Meditation is the state of mind and a practice you can do either by yourself, or guided, in which case you have more objectives: to improve your focus, to relax, to decrease your anxiety. It is a practice to support your brain health, to give your emotions some space, to take some breathing, to energise, and it can be usually done by yourself.
Meditation therapy, on the other hand, is the step you can take when you want to explore your inner world and make changes. It is something you do with a therapist, although you can also do it on yourself if you attend a course. Here, instead of talking from the rational mind like in a usual therapy session, you talk from the subconscious mind. So when you ask your client a question, as a meditation therapist,you expect the real, authentic answer, not the polished, rationalised answer. And you start digging, digging, and you learn that the actual cause is often something that people learned about themselves and the world in their childhood. Something that got stuck and might not serve you anymore. It gets a lot deeper.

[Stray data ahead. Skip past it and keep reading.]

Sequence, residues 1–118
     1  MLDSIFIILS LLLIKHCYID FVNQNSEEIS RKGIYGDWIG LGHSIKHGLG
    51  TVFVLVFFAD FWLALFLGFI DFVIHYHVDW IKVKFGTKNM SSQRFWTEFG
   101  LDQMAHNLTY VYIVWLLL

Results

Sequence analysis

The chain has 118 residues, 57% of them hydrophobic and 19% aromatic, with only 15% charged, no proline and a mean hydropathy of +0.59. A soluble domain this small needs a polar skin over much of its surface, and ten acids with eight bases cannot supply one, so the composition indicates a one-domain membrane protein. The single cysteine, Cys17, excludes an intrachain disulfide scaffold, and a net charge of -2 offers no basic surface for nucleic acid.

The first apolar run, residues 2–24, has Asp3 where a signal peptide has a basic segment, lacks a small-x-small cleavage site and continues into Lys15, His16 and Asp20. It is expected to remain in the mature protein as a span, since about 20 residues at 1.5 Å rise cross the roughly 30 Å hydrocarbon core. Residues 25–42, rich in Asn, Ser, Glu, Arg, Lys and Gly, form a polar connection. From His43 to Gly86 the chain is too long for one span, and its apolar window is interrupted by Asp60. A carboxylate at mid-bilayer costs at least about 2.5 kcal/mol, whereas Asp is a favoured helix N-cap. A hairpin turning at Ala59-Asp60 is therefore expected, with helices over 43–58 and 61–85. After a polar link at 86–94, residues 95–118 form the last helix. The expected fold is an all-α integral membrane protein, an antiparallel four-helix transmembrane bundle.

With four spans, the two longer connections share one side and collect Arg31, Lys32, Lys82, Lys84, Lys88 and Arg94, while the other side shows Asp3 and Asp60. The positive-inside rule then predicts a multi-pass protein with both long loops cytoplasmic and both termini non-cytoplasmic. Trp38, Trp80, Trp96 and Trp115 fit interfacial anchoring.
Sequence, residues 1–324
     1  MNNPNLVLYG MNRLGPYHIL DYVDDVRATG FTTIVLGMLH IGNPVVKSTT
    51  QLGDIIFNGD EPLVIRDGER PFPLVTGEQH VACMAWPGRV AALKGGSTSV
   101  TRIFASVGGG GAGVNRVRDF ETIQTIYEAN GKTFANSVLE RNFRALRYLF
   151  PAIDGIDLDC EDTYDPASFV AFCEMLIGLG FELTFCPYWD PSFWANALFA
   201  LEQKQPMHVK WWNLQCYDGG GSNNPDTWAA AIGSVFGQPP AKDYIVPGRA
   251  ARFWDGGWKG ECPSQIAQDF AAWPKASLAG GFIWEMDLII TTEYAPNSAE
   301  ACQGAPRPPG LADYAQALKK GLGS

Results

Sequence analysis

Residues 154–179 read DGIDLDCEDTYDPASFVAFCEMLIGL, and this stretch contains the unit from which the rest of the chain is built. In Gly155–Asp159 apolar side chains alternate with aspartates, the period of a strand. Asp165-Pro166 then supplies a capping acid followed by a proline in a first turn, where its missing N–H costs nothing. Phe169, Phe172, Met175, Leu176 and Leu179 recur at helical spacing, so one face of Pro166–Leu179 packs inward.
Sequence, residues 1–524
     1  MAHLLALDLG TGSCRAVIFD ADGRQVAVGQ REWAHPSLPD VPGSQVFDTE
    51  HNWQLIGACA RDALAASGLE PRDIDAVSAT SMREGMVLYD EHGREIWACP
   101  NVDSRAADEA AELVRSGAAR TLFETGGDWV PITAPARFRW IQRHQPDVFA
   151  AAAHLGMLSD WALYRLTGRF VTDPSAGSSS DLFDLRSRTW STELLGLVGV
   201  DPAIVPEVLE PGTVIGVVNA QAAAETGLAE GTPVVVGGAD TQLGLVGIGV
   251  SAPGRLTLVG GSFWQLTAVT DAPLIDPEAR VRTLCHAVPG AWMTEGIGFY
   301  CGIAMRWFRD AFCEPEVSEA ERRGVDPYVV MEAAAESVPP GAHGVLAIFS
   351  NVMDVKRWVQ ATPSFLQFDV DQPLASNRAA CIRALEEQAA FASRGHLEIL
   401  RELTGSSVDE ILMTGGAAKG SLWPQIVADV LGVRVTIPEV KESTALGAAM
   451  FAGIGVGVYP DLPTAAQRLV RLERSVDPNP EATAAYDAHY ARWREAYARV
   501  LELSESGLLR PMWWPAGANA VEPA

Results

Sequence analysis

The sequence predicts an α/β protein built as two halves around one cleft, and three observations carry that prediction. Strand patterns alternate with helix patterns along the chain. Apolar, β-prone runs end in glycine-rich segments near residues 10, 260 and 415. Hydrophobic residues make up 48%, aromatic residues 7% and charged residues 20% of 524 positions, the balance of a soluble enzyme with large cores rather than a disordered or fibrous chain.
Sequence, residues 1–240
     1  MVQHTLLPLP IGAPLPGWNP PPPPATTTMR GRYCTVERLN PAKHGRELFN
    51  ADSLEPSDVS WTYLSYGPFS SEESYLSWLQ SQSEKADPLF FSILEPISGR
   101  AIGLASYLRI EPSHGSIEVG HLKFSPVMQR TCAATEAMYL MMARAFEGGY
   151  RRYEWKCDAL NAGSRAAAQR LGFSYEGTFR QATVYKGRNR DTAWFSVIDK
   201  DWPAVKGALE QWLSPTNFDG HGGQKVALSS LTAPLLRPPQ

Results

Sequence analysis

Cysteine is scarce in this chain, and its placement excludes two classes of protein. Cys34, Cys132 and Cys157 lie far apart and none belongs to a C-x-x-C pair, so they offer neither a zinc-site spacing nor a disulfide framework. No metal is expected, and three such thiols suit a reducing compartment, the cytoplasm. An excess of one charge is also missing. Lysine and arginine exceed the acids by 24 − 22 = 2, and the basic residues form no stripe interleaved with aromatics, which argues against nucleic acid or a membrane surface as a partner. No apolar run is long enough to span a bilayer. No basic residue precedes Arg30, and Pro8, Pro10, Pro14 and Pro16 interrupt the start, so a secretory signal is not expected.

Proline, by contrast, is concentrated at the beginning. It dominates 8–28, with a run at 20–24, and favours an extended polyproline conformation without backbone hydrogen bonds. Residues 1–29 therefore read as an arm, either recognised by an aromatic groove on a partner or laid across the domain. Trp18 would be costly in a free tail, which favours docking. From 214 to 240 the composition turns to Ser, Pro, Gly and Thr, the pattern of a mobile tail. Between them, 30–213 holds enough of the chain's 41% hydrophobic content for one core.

So meditation therapy can be the next step you take when you begin to acknowledge and understand the space of the unconscious.